Culturally, most people think all there is to fashion is making the clothes. That idea clouded me throughout my teenage years and early 20s. But I’ve always loved styling. From the age of 6-7 years old, I used to dress my sisters and photograph them in film and polaroid. To this day, I remember the happiness I felt when I held the developed photos in my hand.  

 What project are you most proud of to date?  

That’s a very tricky question, but I will say the work I did alongside Jurnee Peter Chukwu and Adetolani Davies for my final MA project at Central Saint Martin’s – Ile Meji.  

Ile Meji was the beginning of something within my work.  There’s nothing better than discovering what your craft is and being consistent with it. I have upcoming projects that I have recently done in Nigeria – which also touch on my Christian faith – that I am excited about. 

How did Ile Meji come about?  

Ile Meji is Yoruba and means “two homes”. In early 2022, I was in Abeokuta, Nigeria for my “Introduction”. This is the first part of traditional wedding celebrations, where the two families meet. I’d heard the stories about how Introductions go but had never experienced one. Mine was the first.  

The day before my Introduction, I was in an online lecture. I just thought, “Wow, these are two different realities of mine. I fully understand both, but they do not understand each other”. I cannot say which one I belong to because I belong to both. In that moment, it became very clear: I’m British, but not really “British”. I’m Nigerian, but not really “Nigerian”.  

I knew that I would be coming back for my Traditional Wedding in the following months, so I started my research. I wanted the project to touch on the emotions that both “homes” evoke in me and find resonant ways to merge their two cultures.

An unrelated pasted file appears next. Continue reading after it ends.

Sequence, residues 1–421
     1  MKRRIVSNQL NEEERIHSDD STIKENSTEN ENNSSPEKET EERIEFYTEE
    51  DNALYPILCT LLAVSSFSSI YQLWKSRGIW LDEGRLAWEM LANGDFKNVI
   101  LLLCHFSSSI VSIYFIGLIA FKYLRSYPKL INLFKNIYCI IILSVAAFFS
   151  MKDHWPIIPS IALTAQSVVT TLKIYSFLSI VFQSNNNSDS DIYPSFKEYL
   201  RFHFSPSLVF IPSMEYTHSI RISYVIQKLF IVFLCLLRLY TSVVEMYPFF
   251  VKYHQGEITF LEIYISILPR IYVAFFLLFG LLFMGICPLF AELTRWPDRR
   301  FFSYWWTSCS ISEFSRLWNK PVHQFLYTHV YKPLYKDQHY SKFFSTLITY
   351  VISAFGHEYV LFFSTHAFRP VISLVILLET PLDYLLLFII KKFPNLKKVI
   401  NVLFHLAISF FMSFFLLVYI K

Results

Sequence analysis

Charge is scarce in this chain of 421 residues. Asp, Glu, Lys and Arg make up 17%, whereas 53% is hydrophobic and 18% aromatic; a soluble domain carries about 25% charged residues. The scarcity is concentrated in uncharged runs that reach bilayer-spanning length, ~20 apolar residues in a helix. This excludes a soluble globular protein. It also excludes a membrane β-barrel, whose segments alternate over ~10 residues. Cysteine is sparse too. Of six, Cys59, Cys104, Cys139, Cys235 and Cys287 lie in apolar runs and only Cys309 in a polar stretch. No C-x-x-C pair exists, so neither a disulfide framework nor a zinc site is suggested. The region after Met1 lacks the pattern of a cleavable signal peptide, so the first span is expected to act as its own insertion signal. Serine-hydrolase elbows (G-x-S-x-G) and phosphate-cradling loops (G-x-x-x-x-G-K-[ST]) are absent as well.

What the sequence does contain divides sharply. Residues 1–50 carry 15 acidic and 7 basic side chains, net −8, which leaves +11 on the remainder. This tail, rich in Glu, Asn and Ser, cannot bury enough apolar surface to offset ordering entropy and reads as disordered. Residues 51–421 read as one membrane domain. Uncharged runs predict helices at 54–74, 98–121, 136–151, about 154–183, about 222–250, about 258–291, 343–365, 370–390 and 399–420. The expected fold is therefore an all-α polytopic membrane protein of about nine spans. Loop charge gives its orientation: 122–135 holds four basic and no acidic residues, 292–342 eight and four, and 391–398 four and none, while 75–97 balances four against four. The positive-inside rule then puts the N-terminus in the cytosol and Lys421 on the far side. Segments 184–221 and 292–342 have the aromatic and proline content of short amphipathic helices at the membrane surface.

In producing Ile Meji how did you find that fashion allowed you to stay in conversation with your Nigerian home when you’re living in London, and vice versa? 

Fashion played a huge part. Usually, my go-to approach to styling is tailored looks – from suits to shirts and ties.  

In producing Ile Meji, my aim was to highlight the perceived superiority of Western dress. In both of my homes, people see you in formal Western dress and they take you more seriously. But if you walk into a room dressed in your cultural garments, people’s entire perception of you can change.  

This reality was a huge conversation in this project, and it was important to me that Ile Meji reflected it. I deliberately dressed many of the models in Nigeria in tailored looks to highlight the urge from that side to be seen and accepted by Western culture.   

It was important that materials such as Ankara were used too. I had to balance the clothes and accessories that both cultures related to. 



One of the project’s biggest strengths was this interweaving of Nigerian traditional and British traditional dress — what was your approach when it came to the styling and art direction of the project? 

Looking at the dress of both cultures, one thing I found in common was formal dress. This was something that I had to keep in mind, as my most common approach to styling is suits and ties. 

Ankara is also a daily norm in Nigeria, but most people still wear a suit over it in professional settings. It was important that I showed the Ankara (made by Nigerian tailors) within my work. I selected traditional English accessories from Michelle Lowe Holder because [when merging the two], I needed the message to be clear. Victorian accessories brought that clarity.  

I also touched on the “Nolly Babe” looks. It is a huge community in Lagos. Most Nigerians in the UK saw Nigeria through movies before social media, so we grew up watching film characters dressed as Nolly Babes. Today’s Y2K style references show a lot of Nolly babe influence. It was therefore important to me that I showed that style of dress too.  

AFI is currently on the road to Joburg Fashion Week – Who are 3 African designers on your radar right now, who you think the world needs to pay attention to? 

Mazelle, Pepper Row and Bloke are certainly my top 3 to look out for.